|Chaplain helps troops readjust to home life|
Capt. Colin Fleming is back home in Minneapolis with
his wife, Ann, and daughter, Morgan, after a two-year deployment to
Iraq. A UMNS photo by John Gordon.
By John Gordon*
Feb. 28, 2008 | MINNEAPOLIS (UMNS)
After two years away from his family for training and a tour of duty in
Iraq, Capt. Colin Fleming of the Minnesota Army National Guard was in no
mood for a homecoming party.
Fleming poses with villagers in Al Batha, Iraq, during his tour of duty. A UMNS photo courtesy of Colin Fleming.
"Being in a crowd is something that’s taken me awhile to work on,"
Fleming says. "People will talk to me every once in a while and say,
‘Hey, where have you been?’ It’s kind of complex – not avoiding you,
it’s just going to be awhile."
But Fleming knew about many of the adjustments he would face on his
return, thanks to the Minnesota Guard’s Beyond the Yellow Ribbon
program. The project, led by a United Methodist chaplain, helps
returning citizen soldiers reintegrate with their families and
Lt. Col. John Morris, a full-time state support chaplain for the
Minnesota Army National Guard, was deployed to Iraq in 2003 and 2004. He
knows the challenges confronting soldiers as they return home.
"This is like having your house burn down when you send somebody to
war," he says. "This is a long-term engagement for people who are
dealing literally with a form of trauma."
Ann Fleming has noticed changes in her husband since his return from Iraq.
"He’s a different person than he was two years ago," she says. "And
our daughter is different, and I’m different. And it’s normal for us to
go through that."
As a result of his duty in Iraq, Colin Fleming doesn’t like loud
noises. Going from the sound of artillery fire to listening to his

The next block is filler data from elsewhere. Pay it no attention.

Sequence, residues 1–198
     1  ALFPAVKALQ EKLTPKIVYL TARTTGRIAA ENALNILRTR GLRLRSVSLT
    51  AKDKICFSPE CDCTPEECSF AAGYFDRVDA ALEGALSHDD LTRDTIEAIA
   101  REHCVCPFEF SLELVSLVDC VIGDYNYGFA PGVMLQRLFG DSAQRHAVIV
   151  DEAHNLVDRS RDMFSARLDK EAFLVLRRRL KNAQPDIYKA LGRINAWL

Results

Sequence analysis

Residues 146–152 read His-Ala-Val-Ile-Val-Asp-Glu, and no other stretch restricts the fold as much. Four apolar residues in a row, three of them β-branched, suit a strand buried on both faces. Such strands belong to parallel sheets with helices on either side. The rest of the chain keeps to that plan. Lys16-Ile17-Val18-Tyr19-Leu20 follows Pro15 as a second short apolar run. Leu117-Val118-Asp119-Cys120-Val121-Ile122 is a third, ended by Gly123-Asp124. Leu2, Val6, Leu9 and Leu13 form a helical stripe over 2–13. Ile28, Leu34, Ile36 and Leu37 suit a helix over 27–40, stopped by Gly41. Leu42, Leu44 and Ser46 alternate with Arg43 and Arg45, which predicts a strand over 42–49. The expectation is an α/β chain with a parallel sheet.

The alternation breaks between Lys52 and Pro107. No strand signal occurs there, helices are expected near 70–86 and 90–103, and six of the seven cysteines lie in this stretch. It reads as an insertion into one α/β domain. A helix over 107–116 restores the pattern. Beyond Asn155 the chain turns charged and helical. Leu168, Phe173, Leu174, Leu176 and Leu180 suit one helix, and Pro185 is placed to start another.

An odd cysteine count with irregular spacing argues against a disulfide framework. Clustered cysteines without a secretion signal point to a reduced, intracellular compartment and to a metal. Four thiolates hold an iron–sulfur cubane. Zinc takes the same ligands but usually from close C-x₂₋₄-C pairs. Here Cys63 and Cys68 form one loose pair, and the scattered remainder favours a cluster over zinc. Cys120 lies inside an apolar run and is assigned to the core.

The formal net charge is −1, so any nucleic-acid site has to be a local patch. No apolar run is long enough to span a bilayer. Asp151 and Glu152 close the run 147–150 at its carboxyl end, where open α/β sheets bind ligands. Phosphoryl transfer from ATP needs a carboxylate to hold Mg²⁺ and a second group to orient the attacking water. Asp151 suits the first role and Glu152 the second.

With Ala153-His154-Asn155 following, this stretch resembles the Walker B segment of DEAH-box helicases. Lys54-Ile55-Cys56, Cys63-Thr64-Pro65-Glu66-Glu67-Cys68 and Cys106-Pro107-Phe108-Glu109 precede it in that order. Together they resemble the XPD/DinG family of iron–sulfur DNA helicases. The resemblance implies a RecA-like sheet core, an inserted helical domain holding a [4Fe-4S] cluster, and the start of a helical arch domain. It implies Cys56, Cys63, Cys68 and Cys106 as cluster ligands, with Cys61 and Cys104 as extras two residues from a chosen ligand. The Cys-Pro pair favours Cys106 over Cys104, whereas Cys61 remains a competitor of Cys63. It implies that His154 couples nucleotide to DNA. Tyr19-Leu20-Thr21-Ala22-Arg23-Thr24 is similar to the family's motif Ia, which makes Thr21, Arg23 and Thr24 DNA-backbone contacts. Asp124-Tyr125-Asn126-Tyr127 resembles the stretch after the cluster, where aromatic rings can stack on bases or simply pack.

daughter, Morgan, practice the saxophone took some adjustment.
So did adapting to family schedules after his wife spent the two
years of his deployment as a single parent, raising 10-year-old Morgan.
"After being in charge of our (military) group across the board, I
had very definite expectations about what the schedule should be, what
our activities should be," Fleming says. "And both Morgan and Ann have,
for the last two years, been running their own show."
Morgan, a fifth-grader, joined a local hockey team during her father’s deployment.
"It was weird when he came back because there were three of us
walking around the house," she says. Her dad’s absence was tough at
times. "It was pretty hard," she says, "and there were some times when I
really missed him."
‘Significant work’ needed
Morris developed Beyond the Yellow Ribbon in January 2005. The
program includes classes on marriage, parenting, coping with depression
and adjusting to changes that occur in family dynamics while soldiers
are deployed. The courses are offered in the first 90 days after
soldiers return home.
"No relationship gets better by being gone a year to two," Morris
says. "All relationships that are being put back together again need
some significant work, and the skill set needed to do that work is
sometimes lacking. Yet we expect guard and reserve soldiers to figure
that out on their own."
If it takes a village to raise a child, Morris says it takes an entire
community to bring back soldiers. He meets with local government
officials, law enforcement officers, pastors and veterans’ groups to
The Rev. John Morris, a United Methodist chaplain
with the Minnesota Army National Guard, leads the Beyond the Yellow
Ribbon transition program.
A UMNS photo by John Gordon.
"It takes the local church, school, local law-enforcement agent, social service providers, employers," he says.
Avoiding past mistakes
Finding a job is a major challenge for many returning National Guard
troops and reservists, Morris says. He notes that nearly four out of
five soldiers also want to continue their education.
Beyond the Yellow Ribbon has become a national model for
reintegrating National Guard and reserve troops on their return. Morris
is hoping it will help society avoid mistakes of the past.
"In Vietnam, we shamed, shunned and spat upon our soldiers," he says.
"So what we tell community leaders is we’re not asking for support of
the foreign policy, that’s not our issue. We’re asking for support of
your fellow citizen, who we all want to have come home and become a very
*Gordon is a freelance producer and writer based in Marshall, Texas.
News media contact: Fran Coode Walsh, Nashville, Tenn., (615) 742-5470 or email@example.com.
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